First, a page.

Italy, Germany mull post-Kadhafi Libya's future: Rome
Italy said Monday it was exchanging views with Germany on Libya's future if embattled strongman Moamer Kadhafi is forced out but denied that this amounted to the creation of a post-conflict plan.
"We have begun exchanging views and proposals with Germany but also with others and we have found convergences on basic principles," Maurizio Massari, spokesman for the Italian foreign ministry, said.
"Let us not talk of plans and even less of rival plans," he added. "We are beginning to discuss with our main partners ideas and proposals to give the international community an orientation for the post-Kadhafi period."
In an interview published Sunday, Italian Foreign Minister Franco Frattini set out the broad outlines of a diplomatic plan to resolve the Libya crisis that could include exile for Kadhafi.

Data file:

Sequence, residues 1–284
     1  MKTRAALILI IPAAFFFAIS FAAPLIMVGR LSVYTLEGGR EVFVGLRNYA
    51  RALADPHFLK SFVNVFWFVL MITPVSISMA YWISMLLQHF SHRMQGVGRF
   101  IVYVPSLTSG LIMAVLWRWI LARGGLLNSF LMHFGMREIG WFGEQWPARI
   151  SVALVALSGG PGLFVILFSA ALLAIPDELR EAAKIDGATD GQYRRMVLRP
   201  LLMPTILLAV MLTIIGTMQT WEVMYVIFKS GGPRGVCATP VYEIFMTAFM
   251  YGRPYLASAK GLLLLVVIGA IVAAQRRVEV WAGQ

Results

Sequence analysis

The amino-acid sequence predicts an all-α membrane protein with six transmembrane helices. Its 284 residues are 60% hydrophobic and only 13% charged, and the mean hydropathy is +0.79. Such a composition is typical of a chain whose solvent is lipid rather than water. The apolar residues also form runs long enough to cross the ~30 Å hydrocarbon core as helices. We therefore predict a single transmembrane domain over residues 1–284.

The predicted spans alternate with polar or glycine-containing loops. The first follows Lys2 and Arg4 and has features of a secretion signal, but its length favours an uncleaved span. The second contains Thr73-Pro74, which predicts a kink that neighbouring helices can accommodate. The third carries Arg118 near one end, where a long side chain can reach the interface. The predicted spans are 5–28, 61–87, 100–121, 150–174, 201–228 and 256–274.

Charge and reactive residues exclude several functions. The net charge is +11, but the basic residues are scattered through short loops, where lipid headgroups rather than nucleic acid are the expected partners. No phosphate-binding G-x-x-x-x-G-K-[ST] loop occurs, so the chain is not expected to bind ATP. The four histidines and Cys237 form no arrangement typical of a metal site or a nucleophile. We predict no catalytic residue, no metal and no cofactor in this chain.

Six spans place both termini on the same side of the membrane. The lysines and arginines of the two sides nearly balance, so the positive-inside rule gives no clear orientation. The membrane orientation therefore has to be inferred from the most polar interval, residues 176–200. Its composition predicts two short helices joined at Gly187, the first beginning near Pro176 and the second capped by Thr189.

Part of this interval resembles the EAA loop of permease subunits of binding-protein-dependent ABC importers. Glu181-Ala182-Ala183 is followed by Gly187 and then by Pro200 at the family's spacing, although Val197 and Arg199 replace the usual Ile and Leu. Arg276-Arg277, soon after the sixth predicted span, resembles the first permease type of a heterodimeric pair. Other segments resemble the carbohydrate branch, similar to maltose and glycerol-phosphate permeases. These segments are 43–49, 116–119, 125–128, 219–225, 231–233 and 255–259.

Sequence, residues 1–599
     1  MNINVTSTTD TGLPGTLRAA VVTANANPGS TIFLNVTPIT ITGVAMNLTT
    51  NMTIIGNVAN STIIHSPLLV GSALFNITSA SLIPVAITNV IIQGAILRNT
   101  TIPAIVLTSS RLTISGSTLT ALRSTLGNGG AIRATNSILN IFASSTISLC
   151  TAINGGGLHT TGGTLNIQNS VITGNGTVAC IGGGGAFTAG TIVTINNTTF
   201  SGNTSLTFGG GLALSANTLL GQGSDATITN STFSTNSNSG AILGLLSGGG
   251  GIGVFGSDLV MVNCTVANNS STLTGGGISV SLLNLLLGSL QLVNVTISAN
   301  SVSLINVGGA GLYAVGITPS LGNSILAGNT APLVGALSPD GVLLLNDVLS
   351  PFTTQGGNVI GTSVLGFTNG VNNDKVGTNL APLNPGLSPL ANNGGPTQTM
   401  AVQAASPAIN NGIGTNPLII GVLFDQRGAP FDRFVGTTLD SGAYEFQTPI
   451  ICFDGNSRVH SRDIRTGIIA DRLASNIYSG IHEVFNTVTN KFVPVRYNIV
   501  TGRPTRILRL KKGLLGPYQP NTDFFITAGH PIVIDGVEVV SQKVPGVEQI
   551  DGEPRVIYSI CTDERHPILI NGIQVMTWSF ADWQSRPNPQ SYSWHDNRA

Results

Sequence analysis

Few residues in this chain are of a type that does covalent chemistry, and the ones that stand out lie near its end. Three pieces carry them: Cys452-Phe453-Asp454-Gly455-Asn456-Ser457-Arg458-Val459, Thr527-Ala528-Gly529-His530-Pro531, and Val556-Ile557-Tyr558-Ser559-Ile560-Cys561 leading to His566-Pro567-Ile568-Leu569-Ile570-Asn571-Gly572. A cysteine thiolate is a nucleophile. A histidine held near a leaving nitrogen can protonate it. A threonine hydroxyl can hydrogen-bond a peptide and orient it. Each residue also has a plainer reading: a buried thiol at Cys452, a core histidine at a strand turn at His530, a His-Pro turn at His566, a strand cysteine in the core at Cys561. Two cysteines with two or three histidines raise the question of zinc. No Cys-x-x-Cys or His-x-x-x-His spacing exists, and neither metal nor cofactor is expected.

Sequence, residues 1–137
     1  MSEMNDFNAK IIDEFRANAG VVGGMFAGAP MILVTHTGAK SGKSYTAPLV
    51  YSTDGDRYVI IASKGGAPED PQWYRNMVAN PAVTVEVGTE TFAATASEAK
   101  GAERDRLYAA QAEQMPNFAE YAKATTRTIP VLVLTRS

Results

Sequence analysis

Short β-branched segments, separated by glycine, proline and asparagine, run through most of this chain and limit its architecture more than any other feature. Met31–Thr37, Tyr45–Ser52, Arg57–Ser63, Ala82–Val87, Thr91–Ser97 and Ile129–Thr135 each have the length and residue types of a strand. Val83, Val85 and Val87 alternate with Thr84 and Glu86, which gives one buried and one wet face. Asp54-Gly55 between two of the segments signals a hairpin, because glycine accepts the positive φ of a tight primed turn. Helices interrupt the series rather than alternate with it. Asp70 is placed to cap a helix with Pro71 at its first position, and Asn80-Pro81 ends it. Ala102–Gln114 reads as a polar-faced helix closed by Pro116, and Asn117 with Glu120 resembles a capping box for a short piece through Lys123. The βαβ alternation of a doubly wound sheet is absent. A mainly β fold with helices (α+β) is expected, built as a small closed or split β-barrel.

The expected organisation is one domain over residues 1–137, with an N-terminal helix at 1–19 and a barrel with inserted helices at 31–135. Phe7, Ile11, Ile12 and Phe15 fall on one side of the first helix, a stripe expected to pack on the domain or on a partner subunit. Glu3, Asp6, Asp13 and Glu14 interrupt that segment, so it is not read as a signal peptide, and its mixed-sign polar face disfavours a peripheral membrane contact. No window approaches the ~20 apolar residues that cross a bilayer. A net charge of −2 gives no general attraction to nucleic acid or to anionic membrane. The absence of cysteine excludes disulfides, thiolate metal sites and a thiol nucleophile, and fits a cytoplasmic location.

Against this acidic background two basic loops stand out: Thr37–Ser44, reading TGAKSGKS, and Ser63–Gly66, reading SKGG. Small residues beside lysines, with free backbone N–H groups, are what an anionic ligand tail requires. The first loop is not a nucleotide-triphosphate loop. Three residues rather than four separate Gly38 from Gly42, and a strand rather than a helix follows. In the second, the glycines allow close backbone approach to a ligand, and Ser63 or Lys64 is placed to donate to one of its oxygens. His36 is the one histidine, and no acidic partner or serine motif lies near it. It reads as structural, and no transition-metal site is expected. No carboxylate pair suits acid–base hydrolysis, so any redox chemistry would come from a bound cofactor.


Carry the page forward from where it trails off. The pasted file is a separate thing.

"After the whole of Europe and the United Nations have said that the colonel is no longer an acceptable interlocutor, we cannot envisage a solution in which he would stay in power," Frattini told La Repubblica daily.
"Clearly exile for Kadhafi would be different... Even in his regime there are people working from the inside for this solution," he said.
Frattini said Italy would present its plan Tuesday at a London meeting of foreign ministers from the international coalition taking military action against the Libyan regime and from other countries in the region.
"Our goal is clear: We want to build with all the democratic forces of Libyan society a democratic, sovereign and united Libya," Massari said Monday.
"No one has spoken of an Italian-German plan in competition with another," he added.
Sunday, Frattini said the plan would include a UN-monitored ceasefire, wide consultations with Libya's many tribal groups and "a permanent humanitarian corridor which we are already working on with the Turkish government."
Libya was an Italian colony between 1911 and 1942 and is Italy's top trade partner. Italian major ENI is the biggest foreign energy producer in Libya and Italian companies have billions of euros (dollars) in contracts there.
© 2011 AFP